As the Green Bay representative on the Pro Football Hall of Fame selection committee for the past 13 years, there’s no question about which question is foremost on the minds of Packers fans when it comes to that subject.
Why isn’t Jerry Kramer in the Hall of Fame?
After all, in 1969, the Hall selectors voted for him as the greatest guard in the NFL’s first 50 years.
For background, Kramer’s fate now rests with the nine-member Seniors Committee, and I was never part of that process. The Seniors Committee nominates two players who have been retired for 25 years or more for the 46-member selection committee to vote on at its meeting the day before the Super Bowl.
Dave Robinson, the Packers’ most recent inductee, was a senior nominee in 2013 and received the necessary 80 percent of votes cast to get in.
Kramer was the senior nominee in 1997, five years before I joined the committee, and fell short of 80 percent. That marked the 10th time Kramer was a finalist. No other player has been a finalist that many times and been shut out of Canton.
Never having been in the room when Kramer’s candidacy was discussed, I can only speculate as to why he hasn’t made it, based on bits and pieces of conversation I’ve heard outside the room.
1. Robinson was the 11th Lombardi Era player to be inducted into the Hall. Henry Jordan, the player selected previous to him, was posthumously inducted as a senior candidate in 1995. Paul Hornung and Willie Wood, the eighth and ninth inductees among Lombardi’s players, also waited a long time. Hornung was in his 12th year as a finalist; Wood in his 10th.
When Kramer was last a finalist, unlike today, there were still a number of veteran writers on the committee that grew up with the American Football League, and word is they were adamantly opposed to another Lombardi Packer getting in. Fair or not, it’s a notion others hold as well.
Not long ago, a presumably unbiased voice in the NFL office made the crack that if another one of Lombardi’s player was selected, maybe the coach’s bust should be removed – the point being what head coach couldn’t win championships with nearly a dozen Hall of Famers on his roster?
My retort would be: Keep in mind, Lombardi’s teams won five world championships over a seven-year span. More recently, San Francisco also won five, but it took 14 years, twice the time that it took the 1960s Packers. What’s more, the Packers won those titles with a suffocating defense, one that ranked in the top three in the league in four of those five championship years, and a running game that was virtually unstoppable at times.
They dominated a decade like no other NFL franchise ever by having really good to great players at nearly every position, not because they road the coattails of a superstar, a Johnny Unitas, for example.
2. Another criticism of Kramer, from what I’ve heard, was that he struggled against Merlin Olsen and Alex Karras, two of the game’s premier defensive tackles at that time.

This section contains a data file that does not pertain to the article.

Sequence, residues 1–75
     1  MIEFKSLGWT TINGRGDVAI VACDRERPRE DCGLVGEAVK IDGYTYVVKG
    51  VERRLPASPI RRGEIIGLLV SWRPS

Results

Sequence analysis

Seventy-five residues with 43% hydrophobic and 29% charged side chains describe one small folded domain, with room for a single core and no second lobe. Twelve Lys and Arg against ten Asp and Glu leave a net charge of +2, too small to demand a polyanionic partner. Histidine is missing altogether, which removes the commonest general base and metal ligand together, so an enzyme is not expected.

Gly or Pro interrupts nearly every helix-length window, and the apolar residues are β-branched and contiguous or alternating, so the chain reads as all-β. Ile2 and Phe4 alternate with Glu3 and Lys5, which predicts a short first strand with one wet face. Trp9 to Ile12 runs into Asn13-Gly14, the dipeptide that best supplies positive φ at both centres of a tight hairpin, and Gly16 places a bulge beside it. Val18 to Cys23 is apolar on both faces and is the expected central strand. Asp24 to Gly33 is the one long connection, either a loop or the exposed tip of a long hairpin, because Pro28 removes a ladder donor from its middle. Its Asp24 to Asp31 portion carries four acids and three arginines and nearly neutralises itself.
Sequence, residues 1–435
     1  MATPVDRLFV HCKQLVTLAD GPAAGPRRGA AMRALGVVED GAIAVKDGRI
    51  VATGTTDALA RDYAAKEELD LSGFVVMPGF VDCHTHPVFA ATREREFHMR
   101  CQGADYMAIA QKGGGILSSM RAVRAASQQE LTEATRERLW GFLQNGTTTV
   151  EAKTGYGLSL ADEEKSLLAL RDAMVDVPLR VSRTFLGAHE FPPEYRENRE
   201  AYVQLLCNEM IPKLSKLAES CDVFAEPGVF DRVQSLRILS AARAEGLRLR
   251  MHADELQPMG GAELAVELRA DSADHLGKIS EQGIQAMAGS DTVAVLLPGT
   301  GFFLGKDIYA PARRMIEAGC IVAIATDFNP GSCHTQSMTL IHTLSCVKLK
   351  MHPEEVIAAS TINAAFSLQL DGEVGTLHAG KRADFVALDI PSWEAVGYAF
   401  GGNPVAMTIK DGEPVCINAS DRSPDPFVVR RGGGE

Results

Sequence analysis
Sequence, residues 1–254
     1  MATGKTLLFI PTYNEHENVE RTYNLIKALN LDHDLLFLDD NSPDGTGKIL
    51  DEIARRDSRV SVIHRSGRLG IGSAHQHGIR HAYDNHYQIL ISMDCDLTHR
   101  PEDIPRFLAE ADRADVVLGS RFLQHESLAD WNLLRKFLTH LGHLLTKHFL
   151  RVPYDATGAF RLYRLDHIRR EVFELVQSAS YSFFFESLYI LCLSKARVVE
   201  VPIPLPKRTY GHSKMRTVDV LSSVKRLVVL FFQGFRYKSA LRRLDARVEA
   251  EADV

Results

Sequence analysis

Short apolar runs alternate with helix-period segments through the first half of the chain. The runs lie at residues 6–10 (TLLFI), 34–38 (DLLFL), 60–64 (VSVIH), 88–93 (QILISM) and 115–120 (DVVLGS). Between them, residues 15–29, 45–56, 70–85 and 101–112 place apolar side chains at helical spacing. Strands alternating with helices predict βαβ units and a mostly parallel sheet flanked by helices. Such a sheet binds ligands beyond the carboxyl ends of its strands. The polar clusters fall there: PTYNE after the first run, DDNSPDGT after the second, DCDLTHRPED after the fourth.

With Karras, there’s some truth to that. Karras probably caused Lombardi’s teams more fits than any defensive player with the possible exception of Dick Butkus. Why Karras isn’t in the Pro Football Hall of Fame is beyond my comprehension. Read “Run to Daylight” to get a sense of what Lombardi thought of him.
As for Olsen, maybe Kramer had some problems against him, too. But all I know is that if you go back and watch film clips of the 1967 playoff game against the Los Angeles Rams and their vaunted front four, the Packers won largely by running to the right behind Kramer and Forrest Gregg at Hall of Famers Olsen and Deacon Jones.
3. One longtime committee member who would have had a vote in 1997 told me several years ago that he didn’t think Kramer was any better than his running mate at guard, Fuzzy Thurston. In truth, Thurston might have been the better pass blocker. And as good as Kramer was pulling for the sweep and on short trap blocks, Thurston did that well, too. But Kramer was more physically gifted than Thurston and remained at the top of his game longer. Lombardi tried to replace Thurston as early as 1965 and did so two years later.
The bigger issue today, or so it seems, is that over the years a number of former Packers players and coaches have told people in the league and members of the media that Thurston’s successor, Gale Gillingham, was not only the best guard but maybe best offensive lineman in Packers history.
Moreover, Bart Starr publicly stated even before Robinson’s selection that he thought Bob Skoronski should be the next Lombardi Packer inducted into the Hall.
Skoronski split time at left tackle with Norm Masters early in Lombardi’s reign and never made an All-Pro team. But I’ve been told, yes, it’s possible that Skoronski might have received the best weekly grades among the offensive linemen over Lombardi’s nine seasons. Clearly, he was a player more respected in the locker room than outside it.
That’s the quandary the Hall’s selectors have faced. There’d be no way to justify selecting two or three more Packers offensive linemen from the same era. Yet, if they pick one, which one?
My personal opinion is that Gillingham and Kramer rank with Verne Lewellen and maybe Lavvie Dilweg of the 1929-’31 three-time champs as the most deserving of the Packers’ eligible candidates not in Canton.
In Kramer and Gillingham, the Packers had at guard more than 40 years ago what the Packers of the last 20-plus years have had at quarterback with Brett Favre and Aaron Rodgers: One great player following another. But because they were guards, not quarterbacks, and there’s a perception there are too many Lombardi players in the Hall, Kramer and Gillingham cancel out each other’s support, while Starr’s endorsement of Skoronski clouds the issue even more.
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